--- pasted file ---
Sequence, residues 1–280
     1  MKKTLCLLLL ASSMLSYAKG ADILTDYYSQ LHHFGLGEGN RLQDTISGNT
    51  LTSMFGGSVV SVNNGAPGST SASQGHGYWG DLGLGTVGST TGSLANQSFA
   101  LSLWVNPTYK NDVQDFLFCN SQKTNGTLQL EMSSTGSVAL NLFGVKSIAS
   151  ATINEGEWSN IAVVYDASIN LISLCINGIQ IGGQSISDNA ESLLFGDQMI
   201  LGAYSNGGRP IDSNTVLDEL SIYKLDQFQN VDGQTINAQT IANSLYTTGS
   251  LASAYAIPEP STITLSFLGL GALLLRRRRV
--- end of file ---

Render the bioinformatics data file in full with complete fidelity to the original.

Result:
Sequence, residues 1–280
     1  MKKTLCLLLL ASSMLSYAKG ADILTDYYSQ LHHFGLGEGN RLQDTISGNT
    51  LTSMFGGSVV SVNNGAPGST SASQGHGYWG DLGLGTVGST TGSLANQSFA
   101  LSLWVNPTYK NDVQDFLFCN SQKTNGTLQL EMSSTGSVAL NLFGVKSIAS
   151  ATINEGEWSN IAVVYDASIN LISLCINGIQ IGGQSISDNA ESLLFGDQMI
   201  LGAYSNGGRP IDSNTVLDEL SIYKLDQFQN VDGQTINAQT IANSLYTTGS
   251  LASAYAIPEP STITLSFLGL GALLLRRRRV